It is a little hard to reconcile the fact that the world’s largest companies are now the technology titans, while recalling that just twenty years ago the so-called TMT (Technology, Media and Telecoms) bubble was approaching the point of maximum inflation before collapsing in a spectacular fashion. Few then could have forecast the resurgence of this sector, though it is interesting to note that technology funds have not led the pack of performers in the first two decades of this new millennium.
What might markets have in store for investors in the months and years ahead? Well, the year got off to a shaky start, thanks to the heightened tension in the Middle East following the escalation of the conflict between the US and Iran. Oil, unsurprisingly, spiked upwards while investors fell back into risk off mode – at least temporarily. These events serve as a reminder that geopolitical issues can undermine confidence, regardless of how well underlying economic performance is shaping up.
Not that there is much of cheer on the economic and business front. Trading statements from leading conventional retailers are suggesting a difficult Christmas for the high street and the big four supermarket chains, while global growth continues to be muted, though thankfully still positive. Our own economic progress will depend to no small extent on the outcome of our Brexit negotiations – and we may have to wait a little while to see how these pan out.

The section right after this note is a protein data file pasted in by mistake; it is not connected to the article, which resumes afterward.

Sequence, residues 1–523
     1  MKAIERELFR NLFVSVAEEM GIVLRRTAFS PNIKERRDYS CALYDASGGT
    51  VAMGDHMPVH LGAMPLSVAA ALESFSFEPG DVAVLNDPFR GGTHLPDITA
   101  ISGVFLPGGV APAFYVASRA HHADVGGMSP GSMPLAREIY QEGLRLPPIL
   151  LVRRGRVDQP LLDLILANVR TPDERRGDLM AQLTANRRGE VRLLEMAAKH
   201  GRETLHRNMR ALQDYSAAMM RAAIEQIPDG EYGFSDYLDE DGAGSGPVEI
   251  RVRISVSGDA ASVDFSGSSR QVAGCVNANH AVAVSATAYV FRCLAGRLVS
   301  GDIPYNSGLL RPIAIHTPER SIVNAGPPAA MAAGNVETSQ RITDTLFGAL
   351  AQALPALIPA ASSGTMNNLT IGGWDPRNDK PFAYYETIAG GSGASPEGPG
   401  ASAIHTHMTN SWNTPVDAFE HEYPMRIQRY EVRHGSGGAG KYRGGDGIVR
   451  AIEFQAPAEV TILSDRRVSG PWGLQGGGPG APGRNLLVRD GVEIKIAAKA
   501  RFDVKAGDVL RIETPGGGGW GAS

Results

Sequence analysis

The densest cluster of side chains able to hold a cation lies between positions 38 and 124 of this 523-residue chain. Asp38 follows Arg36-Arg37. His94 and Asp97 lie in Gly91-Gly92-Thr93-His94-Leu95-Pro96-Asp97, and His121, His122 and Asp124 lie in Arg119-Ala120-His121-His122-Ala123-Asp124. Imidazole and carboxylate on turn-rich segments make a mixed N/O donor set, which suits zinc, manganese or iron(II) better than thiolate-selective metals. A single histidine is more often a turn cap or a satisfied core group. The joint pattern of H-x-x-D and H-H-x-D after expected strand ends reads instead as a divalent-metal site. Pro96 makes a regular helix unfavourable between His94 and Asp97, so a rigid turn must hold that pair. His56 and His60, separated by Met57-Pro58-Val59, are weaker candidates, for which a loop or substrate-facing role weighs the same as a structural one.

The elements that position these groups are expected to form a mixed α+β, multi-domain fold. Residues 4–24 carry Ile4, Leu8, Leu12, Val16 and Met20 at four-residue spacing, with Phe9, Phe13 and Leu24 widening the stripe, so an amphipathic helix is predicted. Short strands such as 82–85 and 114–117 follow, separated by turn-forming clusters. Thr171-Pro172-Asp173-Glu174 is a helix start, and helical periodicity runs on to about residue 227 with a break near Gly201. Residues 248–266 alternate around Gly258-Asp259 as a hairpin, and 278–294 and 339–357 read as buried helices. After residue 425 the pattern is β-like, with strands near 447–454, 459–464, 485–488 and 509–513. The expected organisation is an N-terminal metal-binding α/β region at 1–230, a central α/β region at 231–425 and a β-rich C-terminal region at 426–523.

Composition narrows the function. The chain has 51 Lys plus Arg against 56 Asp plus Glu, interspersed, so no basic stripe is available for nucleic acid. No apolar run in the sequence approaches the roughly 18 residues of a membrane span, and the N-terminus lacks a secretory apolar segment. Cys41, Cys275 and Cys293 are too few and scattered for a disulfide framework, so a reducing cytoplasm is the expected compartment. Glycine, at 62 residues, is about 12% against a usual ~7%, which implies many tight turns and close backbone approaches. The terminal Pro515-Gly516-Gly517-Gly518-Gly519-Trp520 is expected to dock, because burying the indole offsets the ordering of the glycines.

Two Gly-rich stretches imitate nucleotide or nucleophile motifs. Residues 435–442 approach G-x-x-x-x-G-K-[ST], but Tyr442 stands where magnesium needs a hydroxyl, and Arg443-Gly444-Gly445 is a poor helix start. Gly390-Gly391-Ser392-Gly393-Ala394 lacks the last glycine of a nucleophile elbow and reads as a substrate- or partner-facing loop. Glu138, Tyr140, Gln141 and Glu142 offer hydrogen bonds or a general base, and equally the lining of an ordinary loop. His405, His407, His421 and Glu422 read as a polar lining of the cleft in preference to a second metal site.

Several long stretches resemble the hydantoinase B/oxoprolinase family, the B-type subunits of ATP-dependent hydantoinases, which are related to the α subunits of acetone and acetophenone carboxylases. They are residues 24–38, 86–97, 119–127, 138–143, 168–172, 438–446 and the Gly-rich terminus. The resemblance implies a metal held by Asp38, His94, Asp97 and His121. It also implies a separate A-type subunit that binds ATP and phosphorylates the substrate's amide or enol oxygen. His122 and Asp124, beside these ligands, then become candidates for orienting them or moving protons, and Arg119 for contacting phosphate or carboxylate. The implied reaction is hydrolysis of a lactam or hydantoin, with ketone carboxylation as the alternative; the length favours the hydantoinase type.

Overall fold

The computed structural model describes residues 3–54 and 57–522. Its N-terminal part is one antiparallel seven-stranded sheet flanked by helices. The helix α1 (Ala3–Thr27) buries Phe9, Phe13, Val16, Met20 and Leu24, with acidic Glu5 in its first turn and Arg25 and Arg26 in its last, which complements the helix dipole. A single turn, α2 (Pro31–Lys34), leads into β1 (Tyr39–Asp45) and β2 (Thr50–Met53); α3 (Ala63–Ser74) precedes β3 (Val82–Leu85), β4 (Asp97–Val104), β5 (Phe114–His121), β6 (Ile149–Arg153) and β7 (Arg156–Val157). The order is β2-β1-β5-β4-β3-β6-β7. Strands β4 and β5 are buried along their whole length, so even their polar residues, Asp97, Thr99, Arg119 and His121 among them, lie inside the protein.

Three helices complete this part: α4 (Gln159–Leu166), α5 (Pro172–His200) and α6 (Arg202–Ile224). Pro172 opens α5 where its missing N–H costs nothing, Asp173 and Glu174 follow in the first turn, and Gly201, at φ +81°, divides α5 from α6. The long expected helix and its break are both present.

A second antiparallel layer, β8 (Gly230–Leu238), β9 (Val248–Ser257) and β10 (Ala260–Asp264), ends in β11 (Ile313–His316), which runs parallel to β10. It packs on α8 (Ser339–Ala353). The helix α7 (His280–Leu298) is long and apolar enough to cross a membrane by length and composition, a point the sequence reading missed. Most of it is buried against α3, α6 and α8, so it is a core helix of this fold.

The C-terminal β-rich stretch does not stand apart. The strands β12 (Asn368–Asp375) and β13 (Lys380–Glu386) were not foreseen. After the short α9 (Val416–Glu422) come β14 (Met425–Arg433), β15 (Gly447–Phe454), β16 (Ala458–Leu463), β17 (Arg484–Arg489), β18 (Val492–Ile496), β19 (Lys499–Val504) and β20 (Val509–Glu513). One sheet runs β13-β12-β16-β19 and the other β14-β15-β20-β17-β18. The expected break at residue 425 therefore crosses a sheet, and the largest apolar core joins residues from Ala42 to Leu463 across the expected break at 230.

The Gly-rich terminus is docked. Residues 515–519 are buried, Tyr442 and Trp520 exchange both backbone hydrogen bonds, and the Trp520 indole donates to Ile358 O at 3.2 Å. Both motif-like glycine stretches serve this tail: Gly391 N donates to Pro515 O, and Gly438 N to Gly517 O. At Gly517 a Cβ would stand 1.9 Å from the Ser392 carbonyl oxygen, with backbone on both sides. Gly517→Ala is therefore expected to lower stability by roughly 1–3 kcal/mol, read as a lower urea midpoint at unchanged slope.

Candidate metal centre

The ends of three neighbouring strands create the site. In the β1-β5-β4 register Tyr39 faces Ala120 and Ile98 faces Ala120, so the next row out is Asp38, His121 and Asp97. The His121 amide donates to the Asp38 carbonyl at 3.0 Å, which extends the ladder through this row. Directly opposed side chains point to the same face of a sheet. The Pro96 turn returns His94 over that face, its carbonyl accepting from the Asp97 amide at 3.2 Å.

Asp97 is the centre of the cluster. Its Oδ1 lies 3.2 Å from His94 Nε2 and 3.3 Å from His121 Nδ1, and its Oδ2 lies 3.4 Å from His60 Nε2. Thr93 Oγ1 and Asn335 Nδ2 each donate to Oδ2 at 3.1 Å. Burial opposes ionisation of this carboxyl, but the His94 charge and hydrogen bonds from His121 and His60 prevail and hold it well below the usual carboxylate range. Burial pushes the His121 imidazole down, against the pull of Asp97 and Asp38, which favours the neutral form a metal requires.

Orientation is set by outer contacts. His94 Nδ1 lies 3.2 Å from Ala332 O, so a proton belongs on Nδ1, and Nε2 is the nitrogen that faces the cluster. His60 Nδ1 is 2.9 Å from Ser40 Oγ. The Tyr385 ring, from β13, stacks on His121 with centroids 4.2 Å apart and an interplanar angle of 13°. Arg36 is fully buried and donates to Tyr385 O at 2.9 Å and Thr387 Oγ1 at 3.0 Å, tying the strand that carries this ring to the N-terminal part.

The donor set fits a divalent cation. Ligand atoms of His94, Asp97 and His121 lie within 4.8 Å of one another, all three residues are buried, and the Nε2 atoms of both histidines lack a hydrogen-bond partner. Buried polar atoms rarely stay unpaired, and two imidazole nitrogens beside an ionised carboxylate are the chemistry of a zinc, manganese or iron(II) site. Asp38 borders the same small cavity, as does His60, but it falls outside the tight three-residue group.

The beginning of a new year generally brings the forecasters out in force. On this occasion most of the predictions I have read seem disturbingly similar. Continued low growth, low inflation and low interest rates appears to be the broad consensus. Yet 2020 will have some inflexion points that could change the environment for investors. Aside from Brexit, it is a US Presidential election year, while North Korea and Iran could still throw a spanner in the works.
It worries me when the great and the good come together in predicting what we investors might expect for the future. I know it’s only a guess on their part, though often supported by complex computer programmes designed to ensure all likely outcomes are taken into account. But as John Maynard Keynes once remarked, there are two kinds of forecasters – those that don’t know and those that don’t know they don’t know. Forecasting is a mug’s game anyway, so I think I’ll just sit and wait to see what transpires.